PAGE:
Capabilities Analysis

China's dependence on Suez Canal presents vulnerability


Beijing's economic links to the West depend heavily on the Suez Canal, a key maritime route through which about 60% of Chinese trade with Europe typically transits.

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A French soldier stands on the Charles de Gaulle aircraft carrier, while cruising in the Suez Canal in Egypt, on December 18, 2022. [Ludovic Marin/AFP]
A French soldier stands on the Charles de Gaulle aircraft carrier, while cruising in the Suez Canal in Egypt, on December 18, 2022. [Ludovic Marin/AFP]

China's reliance on the Suez Canal as a critical maritime route would be a vulnerability if tensions keep ratcheting up in the Red Sea and the Taiwan Strait.

Completed in 1869, the Suez Canal runs across an isthmus of Egypt to connect the Mediterranean and Red seas and provide a path between Africa and Asia.

One of the world's most used shipping lanes, the canal receives about 30% of global maritime shipping cargo. More than 1 million barrels of crude oil pass through the Suez Canal into the Red Sea each day.

For China, specifically, the canal provides the shortest path to supply Europe and a key avenue to receive Russian oil imports.

Approximately 60% of Chinese trade with Europe typically transits through the Suez Canal, according to an analysis by investment firm Fitch Ratings.

The importance of the Suez Canal and the region has been underscored by recent attacks by Yemen's Iran-backed Houthis on commercial vessels in the Red Sea.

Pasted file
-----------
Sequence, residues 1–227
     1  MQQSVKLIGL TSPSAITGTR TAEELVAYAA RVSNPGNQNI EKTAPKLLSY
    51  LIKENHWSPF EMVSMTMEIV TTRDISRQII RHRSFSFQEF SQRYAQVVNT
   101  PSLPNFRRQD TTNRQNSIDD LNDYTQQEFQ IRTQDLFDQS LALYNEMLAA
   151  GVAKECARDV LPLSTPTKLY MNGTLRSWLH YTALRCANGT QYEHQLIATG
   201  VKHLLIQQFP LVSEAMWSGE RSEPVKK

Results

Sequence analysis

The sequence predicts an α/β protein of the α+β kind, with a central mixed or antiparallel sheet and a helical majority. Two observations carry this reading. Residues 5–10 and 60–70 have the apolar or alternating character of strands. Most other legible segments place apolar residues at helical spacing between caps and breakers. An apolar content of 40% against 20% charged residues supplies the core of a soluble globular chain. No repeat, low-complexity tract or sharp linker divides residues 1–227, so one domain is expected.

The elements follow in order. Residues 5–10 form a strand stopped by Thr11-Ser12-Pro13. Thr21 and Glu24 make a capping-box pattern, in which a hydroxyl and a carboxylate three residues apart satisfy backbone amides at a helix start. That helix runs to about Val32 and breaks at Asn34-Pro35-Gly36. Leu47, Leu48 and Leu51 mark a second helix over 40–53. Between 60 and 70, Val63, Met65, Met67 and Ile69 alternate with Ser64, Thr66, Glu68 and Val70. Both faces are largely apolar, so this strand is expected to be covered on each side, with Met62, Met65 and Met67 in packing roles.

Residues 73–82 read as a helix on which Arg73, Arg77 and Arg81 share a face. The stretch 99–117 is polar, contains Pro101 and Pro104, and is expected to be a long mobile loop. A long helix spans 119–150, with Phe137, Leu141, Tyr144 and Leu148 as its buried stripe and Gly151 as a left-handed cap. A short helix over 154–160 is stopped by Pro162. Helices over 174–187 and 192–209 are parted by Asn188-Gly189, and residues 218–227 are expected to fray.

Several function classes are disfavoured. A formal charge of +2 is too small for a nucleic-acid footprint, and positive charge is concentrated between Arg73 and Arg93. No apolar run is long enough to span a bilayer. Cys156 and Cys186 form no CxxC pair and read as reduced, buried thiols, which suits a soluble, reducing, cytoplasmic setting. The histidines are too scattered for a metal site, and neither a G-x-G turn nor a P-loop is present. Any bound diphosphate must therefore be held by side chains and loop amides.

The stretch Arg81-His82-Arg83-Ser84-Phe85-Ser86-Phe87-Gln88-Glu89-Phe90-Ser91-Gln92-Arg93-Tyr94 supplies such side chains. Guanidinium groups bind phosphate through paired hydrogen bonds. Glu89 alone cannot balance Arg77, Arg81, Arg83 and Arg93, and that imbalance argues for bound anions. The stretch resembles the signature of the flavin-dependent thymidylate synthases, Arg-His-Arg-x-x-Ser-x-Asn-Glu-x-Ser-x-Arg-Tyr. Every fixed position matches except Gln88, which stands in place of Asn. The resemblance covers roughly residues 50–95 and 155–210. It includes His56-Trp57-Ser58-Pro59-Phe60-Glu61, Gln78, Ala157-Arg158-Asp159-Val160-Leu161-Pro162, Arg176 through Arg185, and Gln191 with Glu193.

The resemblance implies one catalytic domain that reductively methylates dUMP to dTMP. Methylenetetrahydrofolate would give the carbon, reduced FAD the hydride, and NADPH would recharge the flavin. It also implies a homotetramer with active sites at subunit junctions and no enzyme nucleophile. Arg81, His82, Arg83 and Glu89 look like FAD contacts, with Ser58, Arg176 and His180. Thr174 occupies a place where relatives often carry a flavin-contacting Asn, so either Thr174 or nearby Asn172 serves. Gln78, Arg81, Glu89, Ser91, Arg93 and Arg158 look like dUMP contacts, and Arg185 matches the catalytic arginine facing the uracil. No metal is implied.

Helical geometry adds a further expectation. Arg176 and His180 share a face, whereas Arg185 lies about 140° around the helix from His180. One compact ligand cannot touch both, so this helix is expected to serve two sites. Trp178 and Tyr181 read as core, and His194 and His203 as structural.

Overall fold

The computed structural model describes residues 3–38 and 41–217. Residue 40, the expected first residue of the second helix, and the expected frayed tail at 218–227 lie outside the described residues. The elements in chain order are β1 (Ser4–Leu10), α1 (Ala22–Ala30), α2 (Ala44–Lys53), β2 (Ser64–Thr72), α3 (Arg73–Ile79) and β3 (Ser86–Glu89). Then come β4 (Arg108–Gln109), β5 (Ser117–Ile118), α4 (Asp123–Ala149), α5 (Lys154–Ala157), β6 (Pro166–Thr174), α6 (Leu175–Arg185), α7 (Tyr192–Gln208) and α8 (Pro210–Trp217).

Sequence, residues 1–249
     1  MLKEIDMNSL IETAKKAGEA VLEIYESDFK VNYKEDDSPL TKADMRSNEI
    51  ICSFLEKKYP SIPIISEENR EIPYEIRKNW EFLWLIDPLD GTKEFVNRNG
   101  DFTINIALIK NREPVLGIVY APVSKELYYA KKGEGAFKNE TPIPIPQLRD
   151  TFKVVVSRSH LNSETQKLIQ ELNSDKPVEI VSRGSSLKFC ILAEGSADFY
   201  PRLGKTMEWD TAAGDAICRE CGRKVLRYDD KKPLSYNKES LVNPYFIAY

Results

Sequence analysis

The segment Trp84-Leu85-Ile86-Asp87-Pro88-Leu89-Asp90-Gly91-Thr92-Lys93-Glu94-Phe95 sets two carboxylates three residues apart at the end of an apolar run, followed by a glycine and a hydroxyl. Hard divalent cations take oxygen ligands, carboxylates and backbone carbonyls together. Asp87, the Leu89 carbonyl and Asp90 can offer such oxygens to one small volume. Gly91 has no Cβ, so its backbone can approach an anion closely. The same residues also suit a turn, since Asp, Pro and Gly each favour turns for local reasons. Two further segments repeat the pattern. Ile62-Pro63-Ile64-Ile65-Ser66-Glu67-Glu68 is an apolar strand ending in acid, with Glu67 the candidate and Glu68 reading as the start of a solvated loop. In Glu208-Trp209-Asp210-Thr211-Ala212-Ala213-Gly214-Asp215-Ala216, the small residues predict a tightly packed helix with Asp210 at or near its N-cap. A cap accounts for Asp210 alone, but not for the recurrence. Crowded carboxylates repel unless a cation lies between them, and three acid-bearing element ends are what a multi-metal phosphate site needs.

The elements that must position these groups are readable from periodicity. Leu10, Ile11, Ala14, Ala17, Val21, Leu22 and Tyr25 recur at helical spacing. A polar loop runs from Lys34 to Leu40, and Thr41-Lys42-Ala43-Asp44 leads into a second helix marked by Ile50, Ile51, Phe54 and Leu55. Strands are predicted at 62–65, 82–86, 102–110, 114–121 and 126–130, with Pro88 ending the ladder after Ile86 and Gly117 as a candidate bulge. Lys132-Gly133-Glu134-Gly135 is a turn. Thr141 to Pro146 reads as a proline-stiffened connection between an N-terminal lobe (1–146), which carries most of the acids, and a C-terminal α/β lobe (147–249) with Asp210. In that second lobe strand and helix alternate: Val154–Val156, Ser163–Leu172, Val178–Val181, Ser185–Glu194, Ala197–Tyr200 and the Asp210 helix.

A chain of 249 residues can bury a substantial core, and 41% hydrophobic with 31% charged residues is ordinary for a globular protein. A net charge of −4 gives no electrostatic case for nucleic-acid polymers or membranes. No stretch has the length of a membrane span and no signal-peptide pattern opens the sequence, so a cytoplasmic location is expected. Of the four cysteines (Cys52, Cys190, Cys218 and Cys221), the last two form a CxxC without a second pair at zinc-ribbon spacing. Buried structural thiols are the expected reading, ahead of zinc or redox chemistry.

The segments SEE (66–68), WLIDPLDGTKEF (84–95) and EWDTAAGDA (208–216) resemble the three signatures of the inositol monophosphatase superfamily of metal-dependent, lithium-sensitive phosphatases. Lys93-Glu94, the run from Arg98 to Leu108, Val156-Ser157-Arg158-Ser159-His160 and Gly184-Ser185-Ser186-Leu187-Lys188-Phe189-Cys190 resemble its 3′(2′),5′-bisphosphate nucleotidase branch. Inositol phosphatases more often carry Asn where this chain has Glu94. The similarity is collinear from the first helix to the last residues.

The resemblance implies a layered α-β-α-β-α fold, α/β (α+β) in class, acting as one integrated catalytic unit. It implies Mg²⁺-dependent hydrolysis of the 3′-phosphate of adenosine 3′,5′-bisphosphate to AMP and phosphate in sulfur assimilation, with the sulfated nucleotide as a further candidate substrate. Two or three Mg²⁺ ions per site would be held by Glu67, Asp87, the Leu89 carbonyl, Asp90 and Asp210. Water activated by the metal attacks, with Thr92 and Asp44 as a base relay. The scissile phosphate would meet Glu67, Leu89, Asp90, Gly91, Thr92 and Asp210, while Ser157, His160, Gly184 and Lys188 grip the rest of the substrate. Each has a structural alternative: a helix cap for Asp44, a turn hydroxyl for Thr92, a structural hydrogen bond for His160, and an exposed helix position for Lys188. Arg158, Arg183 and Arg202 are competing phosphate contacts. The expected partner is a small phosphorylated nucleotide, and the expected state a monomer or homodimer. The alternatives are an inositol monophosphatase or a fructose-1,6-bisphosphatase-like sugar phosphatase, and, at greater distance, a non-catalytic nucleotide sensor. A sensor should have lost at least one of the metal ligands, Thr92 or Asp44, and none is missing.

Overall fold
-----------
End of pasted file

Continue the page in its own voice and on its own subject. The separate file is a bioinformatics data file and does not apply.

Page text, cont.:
The attacks, which began in November, have disrupted commerce and endangered the lives of civilian sailors, forcing some vessels to detour via Africa's Cape of Good Hope.

The detour extends travel by 10 to 15 days and has led to increased operational costs for Chinese and other exporters, including for fuel and labor, straining profit margins and complicating supply chain logistics.

Restricting access

In the event of a crisis in the Taiwan Strait, the United States and other Group of Seven (G7) nations could potentially impose sanctions on China.

The G7 nations had a rapid and coordinated economic response to Russia's invasion of Ukraine, indicating the ability to do likewise if China escalated against Taiwan.

The economic countermeasures could include restrictions on trade in major industrial sectors or more narrow limits on subsectors with high dependencies on G7 countries.

Sanctions could also be applied to China's use of the Suez Canal. In this scenario, the G7 nations would likely compensate Egypt for the loss of revenue incurred by restricting Chinese access.

Over 100 million jobs in China depend on foreign final demand, and nearly 45 million of these jobs depend on final demand from G7 countries, according to an analysis by the Atlantic Council.

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Very good.


No state will be able to pressure Egypt to stop navigation in the Red Sea in the face of China. Otherwise, they could have influenced Egypt in its relations with Russia since the war. This is a weak and bad analysis.


America and Europe had made a much easier request to Egypt; to close its airspace for Russia’s warplanes in its war on Ukraine. However, Egypt rejected their request. Therefore, it can’t be imagined that it will close the Suez Canal in the face of China which isn’t at war with it.


This programme is amazing.


China's projects in the vicinity of the Suez Canal will not allow Egypt to approve of the Americans' request. To cut it short, even if China had no interests in Egypt, this is an international canal governed by international and Egyptian laws. There is nothing that can prevent a state from passing [through the canal]; otherwise, we would have prevented the Russians. Your analyst is weak.


Who knows Egypt will accept that demand


Everything will happen on time. May Allah protect us!